This week, we dip into the archives to look more closely at a small sampling of non-Abrahamic religions. We talked with author Thrity Umrigar about why she wrote a children’s book about the festival of Diwali – celebrated by Hindus, Sikhs, and Jains. Then Sr. Maureen Fiedler talks with scholar Stephen Prothero about the Yoruba tradition. We conclude this week’s show with a discussion with the filmmakers of The Gate: Dawn of the Baha’i Faith – the story of its founder, the Báb.
A Conversation with Thrity Umrigar about Binny’s Diwali
Thrity Umrigar is a much-lauded author of literary fiction, much of it set in India and among the Indian diaspora. Now, she returns to the Diwali celebrations of her Indian childhood for “Binny’s Diwali,” a picture book for children that explains how her family celebrates this important but little-understood Indian festival
Yoruba Religion: The Way of Connection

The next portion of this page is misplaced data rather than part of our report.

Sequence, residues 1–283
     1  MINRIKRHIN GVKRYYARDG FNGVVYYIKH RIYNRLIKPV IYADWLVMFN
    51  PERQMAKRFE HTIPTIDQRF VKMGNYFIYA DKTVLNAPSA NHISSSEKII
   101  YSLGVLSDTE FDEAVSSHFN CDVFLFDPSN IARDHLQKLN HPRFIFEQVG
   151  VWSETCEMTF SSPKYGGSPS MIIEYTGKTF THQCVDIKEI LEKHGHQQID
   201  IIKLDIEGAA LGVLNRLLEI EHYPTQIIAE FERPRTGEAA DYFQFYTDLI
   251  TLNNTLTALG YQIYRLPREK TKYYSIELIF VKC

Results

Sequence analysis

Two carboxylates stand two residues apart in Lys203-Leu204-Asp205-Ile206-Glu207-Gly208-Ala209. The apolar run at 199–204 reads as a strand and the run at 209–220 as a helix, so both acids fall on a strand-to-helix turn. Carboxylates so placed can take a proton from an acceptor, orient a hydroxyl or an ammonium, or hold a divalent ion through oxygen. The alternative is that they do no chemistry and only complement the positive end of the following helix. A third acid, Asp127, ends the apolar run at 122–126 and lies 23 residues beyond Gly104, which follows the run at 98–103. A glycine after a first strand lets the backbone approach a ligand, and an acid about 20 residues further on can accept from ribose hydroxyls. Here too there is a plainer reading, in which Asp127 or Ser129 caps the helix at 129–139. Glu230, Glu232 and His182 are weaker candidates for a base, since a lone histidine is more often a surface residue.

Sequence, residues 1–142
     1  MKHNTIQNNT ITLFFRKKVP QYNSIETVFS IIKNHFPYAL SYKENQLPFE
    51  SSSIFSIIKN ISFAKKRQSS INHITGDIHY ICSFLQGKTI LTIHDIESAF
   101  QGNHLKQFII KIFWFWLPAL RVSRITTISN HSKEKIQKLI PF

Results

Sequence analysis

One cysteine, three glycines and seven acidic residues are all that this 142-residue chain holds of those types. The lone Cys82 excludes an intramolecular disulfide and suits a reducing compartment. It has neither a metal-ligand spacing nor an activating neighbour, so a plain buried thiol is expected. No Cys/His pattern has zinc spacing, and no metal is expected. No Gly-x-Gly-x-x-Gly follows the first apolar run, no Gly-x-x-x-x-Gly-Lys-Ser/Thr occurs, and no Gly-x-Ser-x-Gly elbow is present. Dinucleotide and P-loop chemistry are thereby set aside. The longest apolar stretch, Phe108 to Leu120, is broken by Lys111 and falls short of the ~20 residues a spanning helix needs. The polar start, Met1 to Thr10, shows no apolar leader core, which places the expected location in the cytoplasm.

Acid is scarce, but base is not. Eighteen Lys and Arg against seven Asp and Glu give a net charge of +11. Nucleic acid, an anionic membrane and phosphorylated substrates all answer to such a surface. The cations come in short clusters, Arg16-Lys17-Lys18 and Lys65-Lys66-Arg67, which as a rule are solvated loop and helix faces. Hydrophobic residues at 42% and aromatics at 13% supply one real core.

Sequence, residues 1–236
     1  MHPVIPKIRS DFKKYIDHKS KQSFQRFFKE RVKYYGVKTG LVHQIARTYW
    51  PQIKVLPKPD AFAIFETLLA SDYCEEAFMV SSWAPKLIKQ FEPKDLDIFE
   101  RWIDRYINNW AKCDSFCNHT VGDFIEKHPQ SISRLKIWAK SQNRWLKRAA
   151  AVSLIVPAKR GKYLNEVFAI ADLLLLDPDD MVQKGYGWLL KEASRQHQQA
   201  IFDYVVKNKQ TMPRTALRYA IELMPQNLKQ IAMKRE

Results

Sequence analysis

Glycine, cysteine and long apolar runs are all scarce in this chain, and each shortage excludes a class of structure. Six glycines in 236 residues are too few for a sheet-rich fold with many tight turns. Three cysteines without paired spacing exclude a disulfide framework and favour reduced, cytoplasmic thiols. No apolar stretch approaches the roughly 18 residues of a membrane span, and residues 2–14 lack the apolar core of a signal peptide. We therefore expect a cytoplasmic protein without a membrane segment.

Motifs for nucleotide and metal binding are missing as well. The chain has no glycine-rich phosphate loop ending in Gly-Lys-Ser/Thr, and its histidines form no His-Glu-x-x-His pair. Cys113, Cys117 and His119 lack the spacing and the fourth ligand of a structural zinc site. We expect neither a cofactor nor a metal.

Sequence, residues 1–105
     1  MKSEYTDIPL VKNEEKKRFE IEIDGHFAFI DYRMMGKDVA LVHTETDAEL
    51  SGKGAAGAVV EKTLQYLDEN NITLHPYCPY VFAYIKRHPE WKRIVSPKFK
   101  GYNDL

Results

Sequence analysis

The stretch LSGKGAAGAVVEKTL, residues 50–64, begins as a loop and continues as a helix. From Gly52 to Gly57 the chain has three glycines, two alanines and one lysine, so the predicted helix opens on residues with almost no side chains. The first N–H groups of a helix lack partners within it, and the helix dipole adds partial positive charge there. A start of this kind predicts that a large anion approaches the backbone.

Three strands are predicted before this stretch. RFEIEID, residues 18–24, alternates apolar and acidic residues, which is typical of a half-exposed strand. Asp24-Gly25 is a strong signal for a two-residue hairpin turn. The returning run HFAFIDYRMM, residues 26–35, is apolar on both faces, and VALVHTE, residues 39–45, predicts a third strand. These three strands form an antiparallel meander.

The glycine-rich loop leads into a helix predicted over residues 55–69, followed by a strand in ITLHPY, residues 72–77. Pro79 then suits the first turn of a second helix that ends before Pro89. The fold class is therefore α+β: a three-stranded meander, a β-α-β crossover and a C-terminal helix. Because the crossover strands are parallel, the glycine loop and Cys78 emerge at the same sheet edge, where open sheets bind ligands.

The Yoruba religion is a tapestry of myths, magic, spirits, and secrets. Stephen Prothero calls it “a tradition about hanging onto tradition,” a way for people scattered by the African diaspora to connect to their common origins. The gods of Yoruba are more like super-powerful humans, with their own personalities, stories, and tastes in music. And they’re often wonderfully mischievous. Yoruba religion teaches that our problem is disconnection; the solution is to reconnect ourselves to a divine power, through fortune telling, sacrifice, and spirit/body possession.41:20-42:50 90-second music bed
The Greatest Story Never Told: Documentary Explains the Origins of the Baha’i Faith
Steve Sarowitz is not a filmmaker. But when the former tech entrepreneur declared himself a Baha’i, he felt compelled to let others know about his new faith. With only about five million Baha’is in the world, few people know much about the religion. But Baha’i are not allowed to proselytize, so Sarowitz set off to make what became The Gate: Dawn of the Baha’i Faith, a documentary from Spring Green Films about the creation of the Baha’i faith and its prophet, the Báb, directed by Peabody Award-winner Bob Hercules.